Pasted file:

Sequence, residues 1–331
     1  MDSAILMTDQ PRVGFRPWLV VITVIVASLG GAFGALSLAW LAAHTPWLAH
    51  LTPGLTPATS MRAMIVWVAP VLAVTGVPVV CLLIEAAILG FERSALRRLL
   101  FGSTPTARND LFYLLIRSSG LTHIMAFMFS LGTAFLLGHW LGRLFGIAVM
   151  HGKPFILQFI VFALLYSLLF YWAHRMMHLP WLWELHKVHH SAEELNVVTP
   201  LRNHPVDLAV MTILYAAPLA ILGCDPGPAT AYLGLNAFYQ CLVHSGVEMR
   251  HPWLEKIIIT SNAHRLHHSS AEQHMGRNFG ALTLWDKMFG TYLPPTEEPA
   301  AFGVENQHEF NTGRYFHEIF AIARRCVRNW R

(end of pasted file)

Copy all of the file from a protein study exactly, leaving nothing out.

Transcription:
Sequence, residues 1–331
     1  MDSAILMTDQ PRVGFRPWLV VITVIVASLG GAFGALSLAW LAAHTPWLAH
    51  LTPGLTPATS MRAMIVWVAP VLAVTGVPVV CLLIEAAILG FERSALRRLL
   101  FGSTPTARND LFYLLIRSSG LTHIMAFMFS LGTAFLLGHW LGRLFGIAVM
   151  HGKPFILQFI VFALLYSLLF YWAHRMMHLP WLWELHKVHH SAEELNVVTP
   201  LRNHPVDLAV MTILYAAPLA ILGCDPGPAT AYLGLNAFYQ CLVHSGVEMR
   251  HPWLEKIIIT SNAHRLHHSS AEQHMGRNFG ALTLWDKMFG TYLPPTEEPA
   301  AFGVENQHEF NTGRYFHEIF AIARRCVRNW R